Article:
McClay spent most of the season sweeping the corners for defensive linemen. And he was doing it long before he ever heard Edwards' tale. He did it at Houston Marian Christian, playing wide receiver as a freshman and quarterback as a senior to win Class 3A state titles in the Texas Christian Interscholastic League in 1981 and ‘84.

His high school coach, Mike Treybig, remembers walking into his office only to see McClay feeding the 16-millimeter film into the projector.

"

He found some really unique guys in the arena league and then of course when he was back in scouting. He has had a passion for it, and it just seems like every step of the way he's done a good job for us.

" -- Cowboys executive vice president Stephen Jones on assistant director of player personnel William McClay
"William liked watching tape," Treybig said. "I would imagine he would've loved it if we let him call his own plays. I know there were times we allowed him to do that. He was definitely a student of the game. We didn't have to worry about a lot of stuff when it came to William. We knew he did his homework and would take care of things to give us the best chance to win on that Friday."

McClay could have gone to Nebraska, but he chose Rice instead to stay close to home and played defensive back. He was recruited there by Mike Nolan, the current defensive coordinator of the Atlanta Falcons. Tyrone Willingham, the former head coach at Notre Dame and Stanford, was the receivers coach at the time.

He remembers questions from McClay about what receivers looked for, searching for ways to get better as a defender even if the wins did not come as much as the Owls would have liked. Willingham and McClay remain close to this day.

"I'm personally excited for the individual, but I'm more excited for the organization because they did not let talent, for one reason or another, slip through the cracks," Willingham said. "That, to me, is so important because when you have talent you want to let it rise to the top to better everyone else in the organization."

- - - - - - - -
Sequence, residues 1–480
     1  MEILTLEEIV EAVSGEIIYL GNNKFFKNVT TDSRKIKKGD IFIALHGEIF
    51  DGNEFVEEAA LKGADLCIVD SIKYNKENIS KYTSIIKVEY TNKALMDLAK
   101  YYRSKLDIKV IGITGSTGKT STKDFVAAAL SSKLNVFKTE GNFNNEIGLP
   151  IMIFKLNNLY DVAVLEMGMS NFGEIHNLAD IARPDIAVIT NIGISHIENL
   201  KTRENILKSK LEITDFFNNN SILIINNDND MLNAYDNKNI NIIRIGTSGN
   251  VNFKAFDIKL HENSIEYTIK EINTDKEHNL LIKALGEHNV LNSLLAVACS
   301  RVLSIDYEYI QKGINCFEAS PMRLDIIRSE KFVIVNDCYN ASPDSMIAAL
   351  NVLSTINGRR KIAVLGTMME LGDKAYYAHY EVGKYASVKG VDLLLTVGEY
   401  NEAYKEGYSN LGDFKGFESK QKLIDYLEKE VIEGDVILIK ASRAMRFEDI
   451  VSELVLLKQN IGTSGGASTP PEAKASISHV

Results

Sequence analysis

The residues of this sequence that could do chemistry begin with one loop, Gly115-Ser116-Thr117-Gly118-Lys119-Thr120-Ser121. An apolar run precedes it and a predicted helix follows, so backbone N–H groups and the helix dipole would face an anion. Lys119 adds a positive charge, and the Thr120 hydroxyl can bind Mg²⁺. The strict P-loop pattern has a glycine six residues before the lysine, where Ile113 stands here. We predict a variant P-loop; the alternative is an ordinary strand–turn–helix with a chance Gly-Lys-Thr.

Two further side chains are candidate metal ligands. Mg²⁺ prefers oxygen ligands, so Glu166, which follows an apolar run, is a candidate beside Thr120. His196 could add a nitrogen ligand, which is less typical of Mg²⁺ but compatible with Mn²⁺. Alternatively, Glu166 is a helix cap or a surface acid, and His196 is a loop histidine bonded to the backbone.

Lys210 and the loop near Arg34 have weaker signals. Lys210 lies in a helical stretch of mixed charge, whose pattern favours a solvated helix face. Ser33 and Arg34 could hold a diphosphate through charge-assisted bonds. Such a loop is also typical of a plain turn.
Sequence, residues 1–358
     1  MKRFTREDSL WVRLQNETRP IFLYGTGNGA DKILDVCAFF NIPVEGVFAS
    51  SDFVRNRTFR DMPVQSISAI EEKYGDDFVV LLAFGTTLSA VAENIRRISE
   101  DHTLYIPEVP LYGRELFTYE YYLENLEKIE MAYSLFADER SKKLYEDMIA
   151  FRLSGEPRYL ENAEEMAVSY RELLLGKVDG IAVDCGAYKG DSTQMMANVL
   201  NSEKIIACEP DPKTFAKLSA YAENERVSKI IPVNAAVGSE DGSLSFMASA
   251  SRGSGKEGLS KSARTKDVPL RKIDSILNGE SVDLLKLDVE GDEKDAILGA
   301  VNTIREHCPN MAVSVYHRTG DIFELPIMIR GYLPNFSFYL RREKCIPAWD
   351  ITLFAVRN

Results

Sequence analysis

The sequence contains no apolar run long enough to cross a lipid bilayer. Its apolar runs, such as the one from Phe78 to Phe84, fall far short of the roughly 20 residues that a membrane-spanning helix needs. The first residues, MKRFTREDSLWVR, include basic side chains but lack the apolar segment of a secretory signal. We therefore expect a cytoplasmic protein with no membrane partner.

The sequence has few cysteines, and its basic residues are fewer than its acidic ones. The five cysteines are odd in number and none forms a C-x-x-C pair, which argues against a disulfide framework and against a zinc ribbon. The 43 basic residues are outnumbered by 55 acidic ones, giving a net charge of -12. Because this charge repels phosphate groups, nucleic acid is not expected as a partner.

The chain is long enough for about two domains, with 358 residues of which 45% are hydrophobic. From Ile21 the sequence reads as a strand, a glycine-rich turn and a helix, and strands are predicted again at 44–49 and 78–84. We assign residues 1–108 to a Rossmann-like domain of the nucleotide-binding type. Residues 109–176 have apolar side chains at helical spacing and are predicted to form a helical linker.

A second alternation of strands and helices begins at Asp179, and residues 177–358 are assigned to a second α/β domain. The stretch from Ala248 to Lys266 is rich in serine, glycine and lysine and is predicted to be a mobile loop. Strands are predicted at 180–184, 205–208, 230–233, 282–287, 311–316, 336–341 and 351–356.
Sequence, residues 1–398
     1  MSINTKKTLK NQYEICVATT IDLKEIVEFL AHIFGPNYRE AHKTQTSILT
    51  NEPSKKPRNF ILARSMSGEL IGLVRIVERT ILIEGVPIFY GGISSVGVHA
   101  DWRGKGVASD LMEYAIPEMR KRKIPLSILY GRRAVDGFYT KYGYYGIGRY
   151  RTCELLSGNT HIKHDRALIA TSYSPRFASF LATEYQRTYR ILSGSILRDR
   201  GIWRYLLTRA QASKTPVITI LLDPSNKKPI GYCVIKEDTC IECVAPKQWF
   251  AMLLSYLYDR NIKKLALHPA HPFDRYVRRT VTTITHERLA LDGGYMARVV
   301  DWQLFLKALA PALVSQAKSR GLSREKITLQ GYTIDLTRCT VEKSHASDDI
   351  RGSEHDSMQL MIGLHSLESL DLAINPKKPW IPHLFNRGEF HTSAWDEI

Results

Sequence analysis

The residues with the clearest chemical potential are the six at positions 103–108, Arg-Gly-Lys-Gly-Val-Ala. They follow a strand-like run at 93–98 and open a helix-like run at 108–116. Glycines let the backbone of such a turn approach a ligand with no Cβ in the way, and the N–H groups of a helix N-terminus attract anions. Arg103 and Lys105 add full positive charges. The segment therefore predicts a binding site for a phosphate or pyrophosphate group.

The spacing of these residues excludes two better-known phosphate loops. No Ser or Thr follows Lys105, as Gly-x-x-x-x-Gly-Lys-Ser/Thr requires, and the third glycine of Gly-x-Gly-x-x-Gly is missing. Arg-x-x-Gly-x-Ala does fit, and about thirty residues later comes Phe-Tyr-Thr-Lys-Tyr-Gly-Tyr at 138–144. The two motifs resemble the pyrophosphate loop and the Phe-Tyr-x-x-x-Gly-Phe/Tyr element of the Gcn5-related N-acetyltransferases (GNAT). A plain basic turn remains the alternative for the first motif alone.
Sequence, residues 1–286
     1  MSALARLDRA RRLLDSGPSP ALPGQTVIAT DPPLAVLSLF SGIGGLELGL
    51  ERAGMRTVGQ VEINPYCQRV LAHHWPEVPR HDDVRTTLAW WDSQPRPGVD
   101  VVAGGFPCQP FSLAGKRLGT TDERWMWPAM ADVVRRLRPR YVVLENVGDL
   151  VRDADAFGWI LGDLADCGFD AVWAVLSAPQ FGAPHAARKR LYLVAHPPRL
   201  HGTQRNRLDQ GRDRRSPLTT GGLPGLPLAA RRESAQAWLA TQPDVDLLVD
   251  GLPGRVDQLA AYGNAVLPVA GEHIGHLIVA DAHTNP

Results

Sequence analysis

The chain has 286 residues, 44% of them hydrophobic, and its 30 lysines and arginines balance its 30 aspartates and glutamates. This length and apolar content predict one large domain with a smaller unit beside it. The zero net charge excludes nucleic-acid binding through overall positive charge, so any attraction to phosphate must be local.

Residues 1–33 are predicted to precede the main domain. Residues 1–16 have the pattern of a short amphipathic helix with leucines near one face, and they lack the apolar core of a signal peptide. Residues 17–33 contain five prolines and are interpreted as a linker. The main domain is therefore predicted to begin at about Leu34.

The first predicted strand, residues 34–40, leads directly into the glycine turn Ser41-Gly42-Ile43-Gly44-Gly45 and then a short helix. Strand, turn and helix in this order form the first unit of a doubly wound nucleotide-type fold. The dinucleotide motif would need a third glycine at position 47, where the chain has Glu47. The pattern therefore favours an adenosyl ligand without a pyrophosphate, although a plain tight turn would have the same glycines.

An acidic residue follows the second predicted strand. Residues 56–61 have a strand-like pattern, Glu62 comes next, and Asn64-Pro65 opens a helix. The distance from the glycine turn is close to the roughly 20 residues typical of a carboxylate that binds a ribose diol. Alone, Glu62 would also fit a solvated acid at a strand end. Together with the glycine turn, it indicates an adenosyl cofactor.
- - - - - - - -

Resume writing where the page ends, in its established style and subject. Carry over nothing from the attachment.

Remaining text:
Clint Dolezel played two years at East Texas State, throwing for 3,152 yards and 22 touchdown passes. McClay was defensive coordinator with a hand in personnel for the Milwaukee Mustangs in 1995 when Dolezel was recommended and eventually signed.

By the time Dolezel retired in 2008 with the Desperados with McClay as his head coach, he threw for 44,563 yards and 931 touchdowns.

"So many scouts get caught up in the fact, ‘Well, we want him because he went to this big school,'" said Dolezel, now the head coach of the AFL's Philadelphia Soul. "And a lot of times they're right, but those are the no-brainers that no one is pointing a finger at if he doesn't pan out. Hey, he had the pedigree because he went to Texas or Oklahoma or Florida State or Alabama. The good ones find the ones at East Texas State and schools like that."

In his interview with the Jaguars, Tom Coughlin had McClay research a particular free-agent cornerback the team was high on and wanted to sign. McClay watched the tape and concluded that the player would not be worth the money or fit in the system. Coughlin briefly objected, but McClay held firm. He got the job, and the Jaguars did not sign the player.